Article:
Cannabis For Cancer
Using Cannabis to Treat Cancer
Cannabis, also known as marijuana, weed, and pot, is derived from the medicinal cannabis plant. Its primary psychoactive ingredient is delta-9-tetrahydrocannabinol, or THC for short. THC is one of the most well-known cannabinoids, but there are several other types present in cannabis. Cannabinoids are biochemicals that act on cell receptors within the entire body, especially within the central nervous system. This endocannabinoid system has been discovered in most vertebrate species, as well as some invertebrates like leeches and mollusks. Nature intended a use for these molecules, and we are now just starting to better understand the benefits of Cannabis use towards treating different human diseases and ailments.
Some believe that cannabis may help to alleviate or control certain cancer symptoms or the detrimental side effects of modern cancer treatments. However, research hasn’t yet provided clear answers about the benefits of cannabis consumption. Science has previously shown that certain cannabinoids may help, and drugs containing synthetic cannabinoids have been created to treat vomiting, nausea, and pain.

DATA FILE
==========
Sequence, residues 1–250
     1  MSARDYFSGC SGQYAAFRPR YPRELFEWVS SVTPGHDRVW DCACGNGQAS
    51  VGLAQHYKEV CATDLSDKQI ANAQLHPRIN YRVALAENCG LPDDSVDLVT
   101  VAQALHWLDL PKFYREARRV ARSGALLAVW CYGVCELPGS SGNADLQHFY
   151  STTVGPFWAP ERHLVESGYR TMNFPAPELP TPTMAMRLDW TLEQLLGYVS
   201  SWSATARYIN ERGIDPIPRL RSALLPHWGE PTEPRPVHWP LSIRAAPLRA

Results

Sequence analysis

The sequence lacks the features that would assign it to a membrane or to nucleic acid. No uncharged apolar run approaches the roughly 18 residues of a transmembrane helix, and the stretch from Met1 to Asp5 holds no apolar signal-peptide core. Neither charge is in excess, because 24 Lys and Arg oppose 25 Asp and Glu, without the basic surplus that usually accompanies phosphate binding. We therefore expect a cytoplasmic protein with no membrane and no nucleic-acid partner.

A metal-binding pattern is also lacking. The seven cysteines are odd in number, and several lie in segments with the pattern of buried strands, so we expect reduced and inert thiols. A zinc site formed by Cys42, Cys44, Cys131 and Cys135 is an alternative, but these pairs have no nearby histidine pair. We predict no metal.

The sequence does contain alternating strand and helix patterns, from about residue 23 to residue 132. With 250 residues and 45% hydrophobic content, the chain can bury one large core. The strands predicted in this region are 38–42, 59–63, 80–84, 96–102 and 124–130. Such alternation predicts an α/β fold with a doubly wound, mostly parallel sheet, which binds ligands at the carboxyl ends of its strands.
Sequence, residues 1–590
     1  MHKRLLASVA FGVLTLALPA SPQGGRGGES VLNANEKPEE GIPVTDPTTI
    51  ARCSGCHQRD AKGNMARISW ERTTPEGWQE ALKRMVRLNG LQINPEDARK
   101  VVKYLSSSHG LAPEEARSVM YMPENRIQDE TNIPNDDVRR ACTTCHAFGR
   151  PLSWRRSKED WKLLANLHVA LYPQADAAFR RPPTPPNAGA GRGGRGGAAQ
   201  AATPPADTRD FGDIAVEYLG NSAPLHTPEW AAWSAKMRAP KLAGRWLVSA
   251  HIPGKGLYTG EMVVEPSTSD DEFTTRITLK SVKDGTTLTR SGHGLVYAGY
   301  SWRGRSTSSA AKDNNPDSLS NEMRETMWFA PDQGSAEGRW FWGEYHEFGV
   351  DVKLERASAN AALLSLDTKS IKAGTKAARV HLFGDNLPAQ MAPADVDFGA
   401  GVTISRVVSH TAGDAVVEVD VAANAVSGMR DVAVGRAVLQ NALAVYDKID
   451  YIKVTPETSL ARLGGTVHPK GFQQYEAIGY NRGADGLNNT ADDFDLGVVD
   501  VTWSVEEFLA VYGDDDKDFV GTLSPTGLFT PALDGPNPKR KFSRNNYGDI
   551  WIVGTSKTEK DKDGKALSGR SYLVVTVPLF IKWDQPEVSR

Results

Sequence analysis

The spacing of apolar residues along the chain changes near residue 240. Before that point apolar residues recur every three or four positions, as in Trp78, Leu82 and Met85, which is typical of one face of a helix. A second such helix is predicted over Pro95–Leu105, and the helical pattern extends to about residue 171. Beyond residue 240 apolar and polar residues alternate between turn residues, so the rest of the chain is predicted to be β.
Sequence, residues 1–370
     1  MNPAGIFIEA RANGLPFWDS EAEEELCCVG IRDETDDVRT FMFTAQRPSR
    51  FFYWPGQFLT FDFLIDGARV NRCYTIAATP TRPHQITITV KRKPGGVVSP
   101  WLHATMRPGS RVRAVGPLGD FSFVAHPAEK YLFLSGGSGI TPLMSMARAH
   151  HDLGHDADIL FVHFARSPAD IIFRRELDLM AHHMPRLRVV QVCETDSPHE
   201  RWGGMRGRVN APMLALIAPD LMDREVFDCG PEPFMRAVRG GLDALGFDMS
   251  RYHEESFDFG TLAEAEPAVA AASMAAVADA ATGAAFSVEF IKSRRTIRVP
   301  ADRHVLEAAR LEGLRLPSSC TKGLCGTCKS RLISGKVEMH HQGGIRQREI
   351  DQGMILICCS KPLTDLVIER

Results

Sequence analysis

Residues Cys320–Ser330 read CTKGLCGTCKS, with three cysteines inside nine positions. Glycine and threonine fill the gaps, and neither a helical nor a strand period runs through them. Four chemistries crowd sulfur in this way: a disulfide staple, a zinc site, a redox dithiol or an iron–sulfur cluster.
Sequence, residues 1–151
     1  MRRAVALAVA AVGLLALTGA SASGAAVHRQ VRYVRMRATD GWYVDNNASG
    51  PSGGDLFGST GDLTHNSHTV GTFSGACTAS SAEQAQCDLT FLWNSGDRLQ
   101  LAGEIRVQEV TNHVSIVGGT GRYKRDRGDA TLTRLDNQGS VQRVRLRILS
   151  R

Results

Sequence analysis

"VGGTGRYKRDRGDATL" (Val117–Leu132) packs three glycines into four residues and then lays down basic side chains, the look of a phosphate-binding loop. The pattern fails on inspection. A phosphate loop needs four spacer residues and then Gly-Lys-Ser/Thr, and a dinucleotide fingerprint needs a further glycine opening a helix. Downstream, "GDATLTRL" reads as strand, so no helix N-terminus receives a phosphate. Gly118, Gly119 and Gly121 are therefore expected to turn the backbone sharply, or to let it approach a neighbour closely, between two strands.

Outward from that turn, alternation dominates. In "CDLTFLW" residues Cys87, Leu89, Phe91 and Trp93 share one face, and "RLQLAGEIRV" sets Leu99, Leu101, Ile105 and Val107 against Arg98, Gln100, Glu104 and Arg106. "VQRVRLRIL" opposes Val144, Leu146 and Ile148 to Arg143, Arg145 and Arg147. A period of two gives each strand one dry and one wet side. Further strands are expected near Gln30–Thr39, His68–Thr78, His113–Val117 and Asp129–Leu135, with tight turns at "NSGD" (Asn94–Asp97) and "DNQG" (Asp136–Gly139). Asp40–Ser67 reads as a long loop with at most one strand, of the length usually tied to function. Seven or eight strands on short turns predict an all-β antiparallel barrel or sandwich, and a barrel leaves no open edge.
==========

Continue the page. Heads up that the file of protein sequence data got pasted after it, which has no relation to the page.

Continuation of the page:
In this guide, we’ll discuss the use of cannabis in the treatment of cancer.
Medical cannabis is legal in 33 states and the District of Columbia. The substance is still viewed as a schedule 1 drug at the federal level, so this causes issues for some medical patients who live in more conservative parts of the country. There are 14 additional states that just endorse the consumption of High-CBD strains of marijuana. These pose essentially no side-effects whatsoever, as they must contain less than 0.3% THC.
Unless you live in a state that has authorized recreational use, anyone who wants to use the herb for medical purposes must get a prescription from a nurse practitioner or a doctor. With this documentation, they can buy medicinal cannabis strains such as CBD Critical Mass from a licensed dispensary just about anywhere in the USA except for a few places. At the time of this writing Idaho, Wyoming, South Dakota, Kansas, Tennessee, South Carolina, and Alabama all continue to be highly against THC, and will only allow CBD products that are derived from hemp.